by Jim Williams
One of the hot topics at last week’s largest copper conference wasn’t about the economy in China. Instead, the majority of the conversation centered on Labor Talks with mining companies in South America.
Reuters picks up the story by reporting that miners in the copper industry are facing the largest round of contract negotiations since 2011, as workers are not scaling back demands in light of low copper prices.
“I think people are assuming with the change in the market, it’s going to automatically mean unions will be more flexible,” said Juan Carlos Guajardo, executive director of Santiago-based mining consulting firm Plusmining. “But it could be a very tough situation.”
“There’s a tendency to dramatize by saying prices are low … But the (mines) are still profitable,” Jorge Juarez, the secretary general of the Sutracomasa trade union, told Reuters.
By historic standards, prices around $6,000 per ton are not low, Juarez points out in the Reuters article. Ten years ago, prices were around $3,500 per ton.
The Other Side of the Coin…
“Contract negotiations are particularly important this year,” Dane Davis, commodities market analyst at Barclays, said at the annual copper conference in Santiago last week. “If we see disruptions, it could push the market into deficit and produce a strong driver to prices.”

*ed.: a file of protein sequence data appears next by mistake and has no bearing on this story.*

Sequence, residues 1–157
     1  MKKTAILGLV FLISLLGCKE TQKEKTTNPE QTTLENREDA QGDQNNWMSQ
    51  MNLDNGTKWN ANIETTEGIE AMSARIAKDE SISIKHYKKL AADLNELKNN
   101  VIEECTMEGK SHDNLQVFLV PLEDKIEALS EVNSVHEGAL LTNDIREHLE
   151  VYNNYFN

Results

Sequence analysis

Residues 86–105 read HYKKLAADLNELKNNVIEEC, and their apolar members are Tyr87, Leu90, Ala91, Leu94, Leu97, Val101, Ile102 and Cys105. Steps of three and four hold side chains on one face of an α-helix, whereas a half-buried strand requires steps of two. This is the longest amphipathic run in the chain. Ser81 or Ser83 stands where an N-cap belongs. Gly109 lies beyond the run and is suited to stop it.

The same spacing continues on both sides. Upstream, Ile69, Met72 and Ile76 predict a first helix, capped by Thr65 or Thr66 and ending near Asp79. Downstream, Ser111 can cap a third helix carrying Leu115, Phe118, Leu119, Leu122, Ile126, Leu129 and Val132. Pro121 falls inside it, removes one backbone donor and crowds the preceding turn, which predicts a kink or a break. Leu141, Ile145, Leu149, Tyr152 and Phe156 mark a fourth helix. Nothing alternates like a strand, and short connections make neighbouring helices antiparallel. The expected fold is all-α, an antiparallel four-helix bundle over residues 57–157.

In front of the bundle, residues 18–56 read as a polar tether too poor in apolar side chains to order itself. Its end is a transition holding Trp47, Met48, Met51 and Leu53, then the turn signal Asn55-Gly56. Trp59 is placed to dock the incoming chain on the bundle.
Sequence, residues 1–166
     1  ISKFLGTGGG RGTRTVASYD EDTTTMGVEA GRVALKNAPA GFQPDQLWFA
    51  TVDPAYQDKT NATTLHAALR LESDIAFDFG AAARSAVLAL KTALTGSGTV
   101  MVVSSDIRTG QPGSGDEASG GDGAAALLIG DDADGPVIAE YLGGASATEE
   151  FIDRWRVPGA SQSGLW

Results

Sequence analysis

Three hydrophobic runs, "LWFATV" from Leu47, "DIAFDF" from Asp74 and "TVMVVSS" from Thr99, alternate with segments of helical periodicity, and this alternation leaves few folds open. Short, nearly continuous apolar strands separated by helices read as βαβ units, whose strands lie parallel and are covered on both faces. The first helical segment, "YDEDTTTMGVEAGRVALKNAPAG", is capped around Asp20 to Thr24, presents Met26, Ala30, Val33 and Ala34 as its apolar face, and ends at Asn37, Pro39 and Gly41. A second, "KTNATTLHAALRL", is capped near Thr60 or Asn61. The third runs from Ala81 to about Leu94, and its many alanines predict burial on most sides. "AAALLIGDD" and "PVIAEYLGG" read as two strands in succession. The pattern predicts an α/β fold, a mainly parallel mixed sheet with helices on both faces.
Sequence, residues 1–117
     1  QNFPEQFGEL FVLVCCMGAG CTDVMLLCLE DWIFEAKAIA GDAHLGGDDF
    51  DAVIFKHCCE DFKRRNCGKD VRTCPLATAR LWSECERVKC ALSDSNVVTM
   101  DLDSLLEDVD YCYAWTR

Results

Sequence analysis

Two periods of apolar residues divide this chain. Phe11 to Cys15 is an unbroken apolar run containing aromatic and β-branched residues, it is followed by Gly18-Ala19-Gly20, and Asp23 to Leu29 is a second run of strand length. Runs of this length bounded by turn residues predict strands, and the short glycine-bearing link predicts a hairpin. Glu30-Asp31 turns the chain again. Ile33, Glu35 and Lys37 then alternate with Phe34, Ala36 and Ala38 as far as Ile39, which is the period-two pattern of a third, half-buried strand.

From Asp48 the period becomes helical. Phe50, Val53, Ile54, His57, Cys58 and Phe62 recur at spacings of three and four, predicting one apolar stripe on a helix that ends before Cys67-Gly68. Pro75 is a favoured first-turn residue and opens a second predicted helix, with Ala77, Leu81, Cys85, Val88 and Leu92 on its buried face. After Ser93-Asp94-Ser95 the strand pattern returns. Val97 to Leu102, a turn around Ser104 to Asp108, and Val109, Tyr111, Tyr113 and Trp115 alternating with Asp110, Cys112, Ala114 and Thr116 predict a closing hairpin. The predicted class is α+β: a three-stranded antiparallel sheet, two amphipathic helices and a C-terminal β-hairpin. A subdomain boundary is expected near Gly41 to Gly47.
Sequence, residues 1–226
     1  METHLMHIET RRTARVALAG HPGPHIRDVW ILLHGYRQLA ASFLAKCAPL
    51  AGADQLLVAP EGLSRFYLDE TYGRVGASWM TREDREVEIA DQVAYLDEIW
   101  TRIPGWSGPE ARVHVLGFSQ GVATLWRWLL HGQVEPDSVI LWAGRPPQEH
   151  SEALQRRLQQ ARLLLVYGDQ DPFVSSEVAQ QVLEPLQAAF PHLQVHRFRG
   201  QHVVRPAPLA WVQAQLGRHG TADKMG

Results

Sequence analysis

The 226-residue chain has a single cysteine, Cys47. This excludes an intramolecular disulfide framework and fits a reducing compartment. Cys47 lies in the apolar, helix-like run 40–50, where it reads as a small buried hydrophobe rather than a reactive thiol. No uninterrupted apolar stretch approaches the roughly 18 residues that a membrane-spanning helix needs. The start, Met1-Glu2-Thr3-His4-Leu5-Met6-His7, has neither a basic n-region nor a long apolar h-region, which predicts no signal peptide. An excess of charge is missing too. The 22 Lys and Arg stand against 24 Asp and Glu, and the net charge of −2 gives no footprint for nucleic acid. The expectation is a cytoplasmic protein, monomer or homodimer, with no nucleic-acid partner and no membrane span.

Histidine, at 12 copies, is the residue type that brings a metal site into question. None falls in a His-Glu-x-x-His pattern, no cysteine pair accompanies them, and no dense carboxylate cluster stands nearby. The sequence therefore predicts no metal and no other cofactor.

Copper has recently climbed back to about the $6,000 per ton plateau after dropping almost 10 percent earlier this year, although, the market is still a little depressed because of lower growth than expected in China, which accounts for 40 percent of global copper demand.
Analysts disagree on when the tide will turn for copper. Some predict demand will outpace supply by the end of 2015, while others don’t see a deficit happening until at least 2017. The good news in either scenario, most all of the experts believe the price of copper will increase over the long haul.
Copper Price Forecast – From Metal Miner (written by Taras Berezowsky)
After the huge drop during the second half of last year, we believe that there is no point in freaking out over copper’s recent two-month rally. Picking bottoms is very hard and definitely not a good strategy for metal buyers. Was February the bottom of copper’s bearish market? Nobody knows. Since 2011, we do know that trying to guess the bottom is a terrible strategy to take with copper. Prices keep falling from trough to trough…to trough.
On the fundamentals side, we don’t see any game-changing factor that could drive a significant upturn in copper prices. The market remains far from a deficit and the macroeconomic outlook from China looks poor. Copper demand lacks momentum.
Now, with the fundamentals picture dormant, at best, can we expect copper prices to rise above last year’s levels? That seems very unlikely. Especially while a strong dollar and low oil prices are having a depressing effect on commodities, and many other base metals are making record lows.
Before copper is ready to turn around, we’ll have to see more price strength and changes in the demand outlook for commodity markets. Both need to turn upward. We believe that the last four years gave copper buyers reasons enough to wait for real signs of strength before making large volume commitments.Tagged with tED